Education More Than Return on Investment

The Editorial Board

The Obama administration recently announced plans to formulate a ranking system for institutions of higher education, taking into consideration a new set of key factors, including graduate’s earning potential, percentage of lower-income students, tuition cost and graduation rates.

Ideally, the president hopes that the new ranking system — to be announced before the start of the 2015 academic year — will serve as the basis for federal aid to colleges and universities. Ohio is one of the few states in the country to have already adopted programs that award funding based on graduation rates and “educational outcomes.” Congressional support for this plan is currently unclear, but if the legislation passes, federal aid will be tied to this type of crite- ria by 2018.

What makes Obama’s proposed system different from popularly revered higher-education rating systems — namely U.S. News and World Report — is that it takes into account the “success” of gradu- ates in terms of earning potential.

This approach is not entirely novel, though. PayScale, a financial analysis firm co-founded by a former Microsoft manager, recently released a ranking of colleges and universities based solely on the salaries of graduates.

Oberlin is held in varying esteem by these ranking systems. According to the PayScale ranking, Oberlin comes in #53 among other liberal arts colleges in the U.S., with the average graduate’s start- ing salary coming in at $38,800, and a mid-career salary of $83,000. (“Mid-career” is defined as full-time employees with at least 10 years of experience in a particular field, and who hold only a bachelor’s degree). Conversely, the more traditional ranking system — which takes into consideration a variety of factors including first-year retention, graduation rate and high school rankings of students — puts Oberlin at a far more impressive #25 relative to similar institutions.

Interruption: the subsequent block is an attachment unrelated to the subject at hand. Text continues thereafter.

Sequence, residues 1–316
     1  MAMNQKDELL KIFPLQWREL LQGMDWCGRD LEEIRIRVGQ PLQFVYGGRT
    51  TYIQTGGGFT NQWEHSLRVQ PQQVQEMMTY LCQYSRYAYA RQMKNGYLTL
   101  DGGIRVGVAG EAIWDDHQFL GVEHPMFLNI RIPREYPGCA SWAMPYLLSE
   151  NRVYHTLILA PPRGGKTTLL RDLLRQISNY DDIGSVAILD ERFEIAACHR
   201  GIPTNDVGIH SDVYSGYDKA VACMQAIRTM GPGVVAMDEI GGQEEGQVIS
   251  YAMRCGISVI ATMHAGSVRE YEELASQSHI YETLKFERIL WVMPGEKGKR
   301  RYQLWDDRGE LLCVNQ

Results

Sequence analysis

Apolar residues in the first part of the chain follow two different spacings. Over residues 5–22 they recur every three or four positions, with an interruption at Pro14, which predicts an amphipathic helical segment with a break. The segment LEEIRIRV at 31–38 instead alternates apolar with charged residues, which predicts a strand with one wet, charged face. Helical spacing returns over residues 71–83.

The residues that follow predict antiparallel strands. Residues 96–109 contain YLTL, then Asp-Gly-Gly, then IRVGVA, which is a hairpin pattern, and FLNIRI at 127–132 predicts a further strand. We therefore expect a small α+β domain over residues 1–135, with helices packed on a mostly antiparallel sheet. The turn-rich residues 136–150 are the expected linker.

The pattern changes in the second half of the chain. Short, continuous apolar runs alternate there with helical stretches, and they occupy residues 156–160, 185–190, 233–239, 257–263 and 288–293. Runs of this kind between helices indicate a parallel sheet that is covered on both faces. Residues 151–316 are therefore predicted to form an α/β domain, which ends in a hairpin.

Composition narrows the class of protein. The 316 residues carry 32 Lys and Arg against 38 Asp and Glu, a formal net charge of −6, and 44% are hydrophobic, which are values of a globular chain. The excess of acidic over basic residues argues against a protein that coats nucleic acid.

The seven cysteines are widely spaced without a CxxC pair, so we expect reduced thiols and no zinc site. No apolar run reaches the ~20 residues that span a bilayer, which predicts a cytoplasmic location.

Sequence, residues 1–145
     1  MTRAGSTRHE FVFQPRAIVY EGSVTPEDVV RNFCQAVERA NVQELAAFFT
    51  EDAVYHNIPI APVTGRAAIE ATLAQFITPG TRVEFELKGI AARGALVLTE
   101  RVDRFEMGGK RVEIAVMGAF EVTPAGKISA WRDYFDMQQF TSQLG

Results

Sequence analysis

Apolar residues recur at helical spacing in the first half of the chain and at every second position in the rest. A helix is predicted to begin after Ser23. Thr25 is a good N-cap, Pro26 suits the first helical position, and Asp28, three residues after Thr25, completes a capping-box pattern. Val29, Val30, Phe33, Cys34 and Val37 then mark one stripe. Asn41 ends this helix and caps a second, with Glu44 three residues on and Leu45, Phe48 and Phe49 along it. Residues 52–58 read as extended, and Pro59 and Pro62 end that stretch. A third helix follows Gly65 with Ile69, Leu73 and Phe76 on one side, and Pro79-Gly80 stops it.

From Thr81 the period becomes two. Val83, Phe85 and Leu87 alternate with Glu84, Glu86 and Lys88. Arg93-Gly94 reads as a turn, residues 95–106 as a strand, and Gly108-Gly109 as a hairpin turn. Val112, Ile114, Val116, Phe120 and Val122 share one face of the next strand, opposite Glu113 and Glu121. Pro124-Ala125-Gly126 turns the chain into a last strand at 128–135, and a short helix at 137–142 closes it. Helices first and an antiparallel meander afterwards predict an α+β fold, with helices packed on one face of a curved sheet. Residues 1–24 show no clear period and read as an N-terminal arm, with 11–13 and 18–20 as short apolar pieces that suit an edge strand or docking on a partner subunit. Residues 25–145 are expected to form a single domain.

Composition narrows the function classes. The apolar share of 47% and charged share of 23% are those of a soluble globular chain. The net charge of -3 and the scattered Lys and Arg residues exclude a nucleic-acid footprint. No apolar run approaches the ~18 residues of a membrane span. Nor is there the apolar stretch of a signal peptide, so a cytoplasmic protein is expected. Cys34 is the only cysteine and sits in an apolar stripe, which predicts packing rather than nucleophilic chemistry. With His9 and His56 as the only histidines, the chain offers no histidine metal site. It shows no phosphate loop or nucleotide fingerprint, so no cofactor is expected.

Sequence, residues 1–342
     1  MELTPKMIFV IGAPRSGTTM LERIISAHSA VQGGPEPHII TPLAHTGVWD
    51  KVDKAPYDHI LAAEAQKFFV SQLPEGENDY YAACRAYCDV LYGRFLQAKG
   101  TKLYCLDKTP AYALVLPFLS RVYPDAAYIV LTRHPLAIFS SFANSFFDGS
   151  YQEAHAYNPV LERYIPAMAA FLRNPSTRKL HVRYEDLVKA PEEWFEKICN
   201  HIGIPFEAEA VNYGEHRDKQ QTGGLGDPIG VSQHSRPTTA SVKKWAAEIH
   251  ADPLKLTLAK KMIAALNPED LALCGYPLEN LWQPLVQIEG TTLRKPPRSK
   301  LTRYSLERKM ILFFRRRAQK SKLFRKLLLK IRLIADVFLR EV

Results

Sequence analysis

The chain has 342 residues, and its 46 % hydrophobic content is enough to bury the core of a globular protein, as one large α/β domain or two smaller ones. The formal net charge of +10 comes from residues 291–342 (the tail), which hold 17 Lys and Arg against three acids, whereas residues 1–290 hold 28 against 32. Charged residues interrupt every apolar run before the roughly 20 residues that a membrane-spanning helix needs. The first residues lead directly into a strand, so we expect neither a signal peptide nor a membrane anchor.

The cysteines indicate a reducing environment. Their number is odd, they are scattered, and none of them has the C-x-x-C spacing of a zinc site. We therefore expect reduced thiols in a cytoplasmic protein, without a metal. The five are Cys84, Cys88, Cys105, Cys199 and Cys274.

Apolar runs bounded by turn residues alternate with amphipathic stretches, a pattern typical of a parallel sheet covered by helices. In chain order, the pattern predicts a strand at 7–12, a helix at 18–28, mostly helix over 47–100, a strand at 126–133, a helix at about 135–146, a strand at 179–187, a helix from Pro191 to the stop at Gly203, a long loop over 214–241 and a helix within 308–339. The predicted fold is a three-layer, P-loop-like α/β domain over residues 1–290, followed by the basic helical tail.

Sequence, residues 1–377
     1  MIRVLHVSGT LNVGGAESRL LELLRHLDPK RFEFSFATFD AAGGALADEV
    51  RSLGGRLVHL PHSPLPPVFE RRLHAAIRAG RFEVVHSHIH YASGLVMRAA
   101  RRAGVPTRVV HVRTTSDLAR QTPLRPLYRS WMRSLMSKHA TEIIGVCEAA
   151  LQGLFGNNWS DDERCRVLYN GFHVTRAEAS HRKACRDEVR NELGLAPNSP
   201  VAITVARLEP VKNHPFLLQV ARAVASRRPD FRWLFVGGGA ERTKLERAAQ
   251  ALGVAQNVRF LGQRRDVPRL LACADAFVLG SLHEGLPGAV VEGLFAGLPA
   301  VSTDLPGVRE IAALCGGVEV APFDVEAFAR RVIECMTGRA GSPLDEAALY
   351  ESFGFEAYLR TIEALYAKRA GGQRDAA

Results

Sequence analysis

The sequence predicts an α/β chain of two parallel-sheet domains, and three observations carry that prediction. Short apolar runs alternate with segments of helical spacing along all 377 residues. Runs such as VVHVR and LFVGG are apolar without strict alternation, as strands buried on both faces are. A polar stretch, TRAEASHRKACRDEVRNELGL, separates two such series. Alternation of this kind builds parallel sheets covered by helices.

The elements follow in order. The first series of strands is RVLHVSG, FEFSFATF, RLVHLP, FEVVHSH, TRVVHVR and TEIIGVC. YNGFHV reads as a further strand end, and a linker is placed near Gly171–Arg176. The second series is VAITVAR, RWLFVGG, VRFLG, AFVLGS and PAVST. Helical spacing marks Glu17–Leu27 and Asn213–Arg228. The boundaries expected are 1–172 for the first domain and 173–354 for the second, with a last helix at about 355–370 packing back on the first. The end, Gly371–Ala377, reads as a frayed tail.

Rankings that focus solely on earning potential put liberal arts colleges at a disadvantage when compared to other academic institutions that focus primarily on mathematics and sciences — fields that offer significantly higher starting salaries than the arts or humanities.

Although earning a degree in aeromechanical engineering might guarantee a more impressive starting salary, it is troublesome to think that this is now the basis of evaluating a quality education.

Perhaps the impulse for this conclusion is partially defensive, derived from Oberlin’s emphasis on spawning well-rounded, change- the-world types who don’t necessarily seek direct economic compensation for the investment they’ve made in this, admittedly, exceptionally pricey education. And perhaps the stance that educa- tion’s value is rooted primarily in its ability to foster critical and creative thinking while expanding the horizons of those under its tutelage is inherently privileged and dismisses the fact that, for many, education is a stepping stone to a better economic future.

So while a criticism of Obama’s new ranking system might be preemptive considering the lack of details regarding the criteria, we hope that the concept of education as an investment on which we hope to reap immediate returns is not adopted within the American mindset. After all, creativity and unconventionality of thought have been the cornerstone of academic, intellectual, cultural and economic progress in the U.S., and it seems tenuous that Obama would attempt to steer the next generation of learners to a more corporate-based approach to education.